Texas rancher Bill Hyman characterizes people in his industry as “survivalists and optimists.” But the state’s worst drought in 44 years is testing both sides of that assessment.
Hyman said he cut his cow herd by more than a third over the winter, to about 80 animals, because persistent dryness has left him with little pasture for grazing. Gonzalez County, where Hyman is located, once had the most cattle of any county in Texas, he said. Now it’s closer to No. 7, he said, because drought has forced so many ranchers to sell cows and bulls.
“This is a bad drought situation shaping up and its impact will only get larger if it doesn’t rain soon,” said David Anderson, an agricultural economist at Texas A&M University in College Station. The full economic effect of the drought won’t be known for some time, he said.
With limited pasture availability, ranchers have had to buy more hay and other feeds over the winter, raising their costs, Anderson said in an e-mail. Drought can also hamper animals’ weight and overall condition, he said.
The drought is connected to a La Nina effect that over the past year pushed the jet stream farther north than usual, resulting in lower than normal rain in the Southern U.S. Plains, Texas state climatologist John Nielsen-Gammon said.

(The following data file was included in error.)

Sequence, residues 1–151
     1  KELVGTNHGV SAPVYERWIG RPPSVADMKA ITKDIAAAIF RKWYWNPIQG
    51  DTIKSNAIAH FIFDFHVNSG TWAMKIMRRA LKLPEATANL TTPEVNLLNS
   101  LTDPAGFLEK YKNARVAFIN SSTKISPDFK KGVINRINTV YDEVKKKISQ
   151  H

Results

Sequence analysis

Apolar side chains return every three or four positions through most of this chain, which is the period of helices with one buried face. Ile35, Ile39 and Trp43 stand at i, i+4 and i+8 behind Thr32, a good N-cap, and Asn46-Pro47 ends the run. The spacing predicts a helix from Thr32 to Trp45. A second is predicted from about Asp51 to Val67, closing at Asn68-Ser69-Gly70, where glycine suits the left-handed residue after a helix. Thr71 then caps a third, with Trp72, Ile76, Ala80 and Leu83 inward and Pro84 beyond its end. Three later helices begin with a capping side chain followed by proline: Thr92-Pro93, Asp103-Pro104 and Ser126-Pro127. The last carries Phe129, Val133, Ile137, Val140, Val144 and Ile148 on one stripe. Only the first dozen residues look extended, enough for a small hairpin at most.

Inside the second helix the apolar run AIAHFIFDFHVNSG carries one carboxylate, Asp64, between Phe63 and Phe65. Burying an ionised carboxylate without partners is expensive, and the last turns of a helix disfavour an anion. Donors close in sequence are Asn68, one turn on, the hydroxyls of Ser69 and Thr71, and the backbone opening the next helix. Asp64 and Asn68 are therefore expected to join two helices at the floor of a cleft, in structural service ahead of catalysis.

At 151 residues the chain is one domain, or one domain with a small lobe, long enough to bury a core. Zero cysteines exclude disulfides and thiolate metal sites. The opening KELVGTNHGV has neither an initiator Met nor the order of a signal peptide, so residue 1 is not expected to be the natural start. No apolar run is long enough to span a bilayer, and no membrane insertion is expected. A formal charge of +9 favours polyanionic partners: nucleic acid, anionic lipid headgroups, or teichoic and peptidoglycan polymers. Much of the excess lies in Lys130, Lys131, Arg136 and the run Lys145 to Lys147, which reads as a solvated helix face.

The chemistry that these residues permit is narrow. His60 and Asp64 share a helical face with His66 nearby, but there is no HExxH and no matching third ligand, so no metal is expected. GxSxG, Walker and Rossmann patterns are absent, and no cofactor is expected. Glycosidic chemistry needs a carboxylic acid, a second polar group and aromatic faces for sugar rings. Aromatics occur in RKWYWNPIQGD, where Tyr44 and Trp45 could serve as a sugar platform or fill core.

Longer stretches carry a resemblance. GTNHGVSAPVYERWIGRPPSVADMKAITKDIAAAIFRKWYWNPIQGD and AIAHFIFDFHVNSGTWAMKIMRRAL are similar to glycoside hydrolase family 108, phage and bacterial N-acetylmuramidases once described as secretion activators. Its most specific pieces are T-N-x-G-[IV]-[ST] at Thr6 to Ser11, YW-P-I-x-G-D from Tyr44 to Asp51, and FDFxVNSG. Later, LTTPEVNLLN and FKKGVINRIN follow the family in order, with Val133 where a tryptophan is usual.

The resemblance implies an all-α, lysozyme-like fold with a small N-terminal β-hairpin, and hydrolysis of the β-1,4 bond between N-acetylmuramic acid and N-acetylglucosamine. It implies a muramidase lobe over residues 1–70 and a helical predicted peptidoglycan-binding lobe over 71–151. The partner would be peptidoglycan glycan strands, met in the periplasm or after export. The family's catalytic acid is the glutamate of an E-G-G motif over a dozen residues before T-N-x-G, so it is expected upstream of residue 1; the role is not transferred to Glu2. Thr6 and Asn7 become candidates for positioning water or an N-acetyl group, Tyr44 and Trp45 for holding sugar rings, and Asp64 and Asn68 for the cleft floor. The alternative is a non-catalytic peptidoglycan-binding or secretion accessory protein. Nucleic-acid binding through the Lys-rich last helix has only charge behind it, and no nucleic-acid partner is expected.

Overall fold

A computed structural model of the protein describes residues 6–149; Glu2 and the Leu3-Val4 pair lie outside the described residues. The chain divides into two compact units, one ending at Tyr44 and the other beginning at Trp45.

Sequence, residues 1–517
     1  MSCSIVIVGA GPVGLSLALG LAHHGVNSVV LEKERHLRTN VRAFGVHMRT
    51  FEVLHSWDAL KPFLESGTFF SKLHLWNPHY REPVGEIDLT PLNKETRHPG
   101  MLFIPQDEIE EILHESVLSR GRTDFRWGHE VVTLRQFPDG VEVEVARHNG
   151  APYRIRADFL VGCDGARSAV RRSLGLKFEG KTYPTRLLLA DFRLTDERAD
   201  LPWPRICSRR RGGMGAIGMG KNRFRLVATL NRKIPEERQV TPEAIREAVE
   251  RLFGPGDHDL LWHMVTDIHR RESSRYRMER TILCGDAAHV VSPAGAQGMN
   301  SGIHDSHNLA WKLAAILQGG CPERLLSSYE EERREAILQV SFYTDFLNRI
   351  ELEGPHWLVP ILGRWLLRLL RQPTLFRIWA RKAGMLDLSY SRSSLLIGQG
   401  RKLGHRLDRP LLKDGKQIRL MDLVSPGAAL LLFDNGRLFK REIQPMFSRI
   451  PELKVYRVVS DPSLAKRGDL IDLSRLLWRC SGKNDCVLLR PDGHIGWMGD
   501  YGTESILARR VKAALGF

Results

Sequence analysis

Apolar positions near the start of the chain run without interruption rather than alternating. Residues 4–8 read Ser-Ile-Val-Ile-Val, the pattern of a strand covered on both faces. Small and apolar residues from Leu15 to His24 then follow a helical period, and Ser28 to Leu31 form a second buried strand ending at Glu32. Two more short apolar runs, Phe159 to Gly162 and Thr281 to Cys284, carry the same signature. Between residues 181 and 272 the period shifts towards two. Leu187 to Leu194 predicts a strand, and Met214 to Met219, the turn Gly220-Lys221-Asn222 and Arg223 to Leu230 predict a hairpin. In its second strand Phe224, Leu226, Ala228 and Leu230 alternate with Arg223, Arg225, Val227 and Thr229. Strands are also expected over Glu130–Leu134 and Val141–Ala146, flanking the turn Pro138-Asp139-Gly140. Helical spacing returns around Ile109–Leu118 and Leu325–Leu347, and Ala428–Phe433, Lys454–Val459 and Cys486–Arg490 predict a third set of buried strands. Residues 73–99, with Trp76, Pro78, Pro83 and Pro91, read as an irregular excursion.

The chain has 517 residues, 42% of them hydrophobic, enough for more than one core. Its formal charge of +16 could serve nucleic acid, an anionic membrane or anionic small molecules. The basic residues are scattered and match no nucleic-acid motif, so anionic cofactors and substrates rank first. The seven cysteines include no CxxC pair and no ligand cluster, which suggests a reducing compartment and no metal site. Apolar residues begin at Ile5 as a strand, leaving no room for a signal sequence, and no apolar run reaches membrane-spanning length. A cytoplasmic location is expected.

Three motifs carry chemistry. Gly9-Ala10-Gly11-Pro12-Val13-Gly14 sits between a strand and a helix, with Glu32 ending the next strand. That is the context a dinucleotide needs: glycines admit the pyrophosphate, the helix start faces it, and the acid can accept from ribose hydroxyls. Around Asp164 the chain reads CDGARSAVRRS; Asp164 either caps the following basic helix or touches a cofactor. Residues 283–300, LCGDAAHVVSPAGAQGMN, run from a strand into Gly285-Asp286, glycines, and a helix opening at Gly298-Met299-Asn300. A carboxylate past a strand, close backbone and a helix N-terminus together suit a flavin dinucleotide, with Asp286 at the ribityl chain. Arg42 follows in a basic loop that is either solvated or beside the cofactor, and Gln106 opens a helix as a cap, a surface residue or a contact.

From October through March, Texas received about 5 inches of rain on average, the smallest total since 1966-67, Nielsen-Gammon said. Normally, the state gets about 11 inches of rain during that period.
If drought continues for the next few months, “it will have a severe impact” on Texas agriculture, Nielsen-Gammon said.” There’s not a lot of subsoil moisture throughout the state. The amount of rain we get from here on out is going to be critical.”
For the week ended March 27, Texas’ range and pasture was rated in 59 percent poor or very condition, according to the state’s agriculture department. The state’s wheat crop was rated 62 percent poor or very poor.
Texas is the No. 2 U.S. wheat grower with 5.65 million acres seeded last year, behind only Kansas’ 8.8 million acres.
More government disaster assistance likely
Drought conditions have affected parts of Texas for much of the past five years, with the federal government declaring several counties disaster areas in 2008, 2009, and 2010.
In 2011, the prospect that most Texas counties will be declared disaster areas because of drought “is looking more and more viable,” said Juan M. Garcia, executive director for Texas’ Farm Service Agency, which is part of the U.S. Department of Agriculture.
Texas has paid about $300 million in disaster assistance to farmers and ranchers for losses incurred in crop years 2008 and 2009 due to drought, Garcia said.